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Teaching Heritage

Board of Studies NSW

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SubSection MarkerHeritage and Land

In this section you can read the heritage views of Australians who place an undeniable value on Australia’s natural environment. Australian literature abounds with attitudes and responses to this continent’s changing lands and landscapes.

The values attached to land are at the heart of discussions between indigenous and non-indigenous peoples over future land uses and management. Pat Dodson’s address to the National Press Club (1996) evoked Aboriginal perspectives towards land. "Many Australians don’t know how to think themselves into the country, the land. They find it hard to think with the land. We Aboriginal people find it hard to think without the land….Iland_resource_toc.phpation, if we respect indigenous culture, then we must respect also their relationship to land, from which every element of pride flows to us."

The issue of land and heritage is a keystone of social, cultural, political and economic debates in contemporary Australia. Some voices proclaim the costs associated with heritage. As governments listen to opposing views and make decision about the nation’s estate, the questions arise: When are financial gains more important that heritage? When is heritage more important than financial gains?

Unlike destruction wrought on the built environment, the natural environment can be resurrected. Throughout Australia volunteers with Landcare, Coastcare, Bush Regeneration and National Heritage Trust projects are working to overcome the effects of land misuse and degradation. In some cases, however, the extent of damage makes environmental repair unviable.

Peter Garrett identifies a common mission for all heritage groups of "working to preserve the built and natural forms that are expressions of a continuing culture". He reflects on the exploitation of land. "Modern Australia has an enviable wealth, due in great measure to whole sale theft and overuse of land. We tend to believe this is the only way to live because it has served our purposes up to now, but the flip side of our genuine achievements, is the destruction of large chunks of our heritage."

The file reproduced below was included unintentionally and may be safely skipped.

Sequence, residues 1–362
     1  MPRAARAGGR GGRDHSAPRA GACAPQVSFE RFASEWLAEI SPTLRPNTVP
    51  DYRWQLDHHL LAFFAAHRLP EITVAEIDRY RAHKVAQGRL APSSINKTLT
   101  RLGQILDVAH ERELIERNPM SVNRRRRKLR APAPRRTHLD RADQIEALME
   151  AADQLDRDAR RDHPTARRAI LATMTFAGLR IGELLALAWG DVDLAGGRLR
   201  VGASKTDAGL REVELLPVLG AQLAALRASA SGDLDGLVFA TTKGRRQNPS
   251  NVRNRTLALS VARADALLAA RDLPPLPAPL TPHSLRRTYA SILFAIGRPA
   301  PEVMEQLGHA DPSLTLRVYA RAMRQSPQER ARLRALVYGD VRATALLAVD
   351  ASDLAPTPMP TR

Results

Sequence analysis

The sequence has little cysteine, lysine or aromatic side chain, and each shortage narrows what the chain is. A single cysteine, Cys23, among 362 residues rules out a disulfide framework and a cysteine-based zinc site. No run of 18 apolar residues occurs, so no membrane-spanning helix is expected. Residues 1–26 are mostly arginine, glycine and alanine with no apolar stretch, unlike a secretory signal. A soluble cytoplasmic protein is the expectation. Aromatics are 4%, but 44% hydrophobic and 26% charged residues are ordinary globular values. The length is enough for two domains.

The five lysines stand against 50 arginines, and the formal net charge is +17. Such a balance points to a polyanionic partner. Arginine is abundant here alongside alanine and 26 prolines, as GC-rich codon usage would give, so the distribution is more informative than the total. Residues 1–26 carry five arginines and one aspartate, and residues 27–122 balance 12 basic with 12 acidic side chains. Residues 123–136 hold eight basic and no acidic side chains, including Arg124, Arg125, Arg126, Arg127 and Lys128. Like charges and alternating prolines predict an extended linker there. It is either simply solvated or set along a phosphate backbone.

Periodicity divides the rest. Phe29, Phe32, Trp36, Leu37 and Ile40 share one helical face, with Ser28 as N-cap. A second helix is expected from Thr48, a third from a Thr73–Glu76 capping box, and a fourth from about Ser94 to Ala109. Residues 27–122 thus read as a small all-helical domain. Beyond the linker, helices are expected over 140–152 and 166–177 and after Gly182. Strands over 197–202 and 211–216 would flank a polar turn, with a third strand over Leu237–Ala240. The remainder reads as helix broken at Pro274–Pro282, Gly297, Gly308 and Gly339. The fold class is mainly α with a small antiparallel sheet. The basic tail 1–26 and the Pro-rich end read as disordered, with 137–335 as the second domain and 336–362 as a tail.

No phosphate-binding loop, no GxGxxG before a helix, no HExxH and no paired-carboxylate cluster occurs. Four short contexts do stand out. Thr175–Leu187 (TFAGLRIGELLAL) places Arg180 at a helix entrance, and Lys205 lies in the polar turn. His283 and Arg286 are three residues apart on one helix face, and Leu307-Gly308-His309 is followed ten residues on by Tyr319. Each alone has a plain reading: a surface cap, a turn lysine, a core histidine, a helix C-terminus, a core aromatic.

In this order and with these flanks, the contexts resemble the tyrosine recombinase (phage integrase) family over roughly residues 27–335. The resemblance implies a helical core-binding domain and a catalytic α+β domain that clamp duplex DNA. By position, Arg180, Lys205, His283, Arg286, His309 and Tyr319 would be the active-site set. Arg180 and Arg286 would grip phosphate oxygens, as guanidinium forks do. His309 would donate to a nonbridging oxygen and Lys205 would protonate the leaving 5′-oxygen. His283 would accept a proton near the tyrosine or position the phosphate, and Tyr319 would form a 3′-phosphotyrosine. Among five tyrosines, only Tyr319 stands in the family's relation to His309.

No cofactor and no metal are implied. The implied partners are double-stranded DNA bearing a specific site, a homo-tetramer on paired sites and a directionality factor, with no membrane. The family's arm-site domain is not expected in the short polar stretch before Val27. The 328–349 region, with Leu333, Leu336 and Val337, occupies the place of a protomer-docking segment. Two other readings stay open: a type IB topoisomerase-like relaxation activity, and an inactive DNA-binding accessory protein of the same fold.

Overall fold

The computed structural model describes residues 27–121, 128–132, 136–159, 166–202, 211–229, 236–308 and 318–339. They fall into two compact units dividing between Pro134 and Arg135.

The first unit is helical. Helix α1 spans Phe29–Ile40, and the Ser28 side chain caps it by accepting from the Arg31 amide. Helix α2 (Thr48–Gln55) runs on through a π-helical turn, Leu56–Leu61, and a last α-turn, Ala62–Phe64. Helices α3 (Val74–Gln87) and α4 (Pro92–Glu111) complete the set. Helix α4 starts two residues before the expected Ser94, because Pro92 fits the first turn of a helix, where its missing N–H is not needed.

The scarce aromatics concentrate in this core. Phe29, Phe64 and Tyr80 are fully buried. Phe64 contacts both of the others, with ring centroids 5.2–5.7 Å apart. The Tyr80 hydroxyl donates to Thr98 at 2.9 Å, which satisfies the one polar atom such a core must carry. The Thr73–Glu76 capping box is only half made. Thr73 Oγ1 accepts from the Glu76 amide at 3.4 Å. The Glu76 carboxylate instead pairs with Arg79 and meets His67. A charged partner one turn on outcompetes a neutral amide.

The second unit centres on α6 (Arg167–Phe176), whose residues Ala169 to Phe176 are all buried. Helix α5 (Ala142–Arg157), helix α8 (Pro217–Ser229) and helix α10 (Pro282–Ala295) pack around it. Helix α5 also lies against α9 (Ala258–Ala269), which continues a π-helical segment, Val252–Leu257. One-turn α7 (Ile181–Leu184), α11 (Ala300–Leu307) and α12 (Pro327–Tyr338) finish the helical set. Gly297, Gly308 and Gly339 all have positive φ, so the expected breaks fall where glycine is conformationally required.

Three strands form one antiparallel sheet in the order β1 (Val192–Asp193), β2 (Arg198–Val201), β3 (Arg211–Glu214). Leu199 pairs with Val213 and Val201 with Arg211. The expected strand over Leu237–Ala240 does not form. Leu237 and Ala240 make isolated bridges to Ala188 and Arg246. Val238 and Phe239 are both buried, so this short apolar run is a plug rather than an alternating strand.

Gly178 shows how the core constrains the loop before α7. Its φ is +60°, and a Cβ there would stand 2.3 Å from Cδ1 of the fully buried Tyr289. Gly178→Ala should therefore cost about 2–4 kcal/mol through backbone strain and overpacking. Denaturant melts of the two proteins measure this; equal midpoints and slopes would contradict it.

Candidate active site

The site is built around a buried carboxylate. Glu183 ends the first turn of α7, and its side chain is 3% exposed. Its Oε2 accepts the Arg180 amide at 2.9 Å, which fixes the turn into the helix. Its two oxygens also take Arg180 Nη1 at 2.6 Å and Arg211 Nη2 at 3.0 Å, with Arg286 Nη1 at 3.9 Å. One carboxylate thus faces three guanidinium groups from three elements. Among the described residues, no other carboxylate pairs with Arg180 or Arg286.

In his ABC Boyer Lecture ‘Yothu Yindi – Finding Balance’ Mandawuy Yunupingu discusses the balance of nature that inspires indigenous Australians to create culturally appropriate educational contexts for their peoples.

Pamela Mawbey’s article on a proposed rail network, intersecting Parramatta Park, examines the way transport pressures in expanding cities can put heritage – natural and built – at risk.

  • Pamela Mawbey writes about the escalating transport pressures that threaten the heritage of Parramatta Park.
  • Merlinda Bobis talks to journalist Anthony Dennis about Wollongong’s ‘economic lifeblood of stacks, smog and sooty structures’.

The heritage views of older Sydneysiders are represented in the National Trust’s reflections article ‘Taking heritage to 2000’. James Elder talked to Australians – who between them lived in almost every decade of the 20th century – about their memories of heritage and their predictions for heritage in Australia in the 21st century.

  • High-profile Australians talk to James Elder about their memories of heritage and their hopes and fears for Australia’s heritage in the future.


In building units of work for classroom use with these questions and resources, and for help with designing classroom assessment activities to help gauge whether the outcomes are being achieved you may like to consult the NSW History and Geography Stages 4-5 syllabus outcomes.

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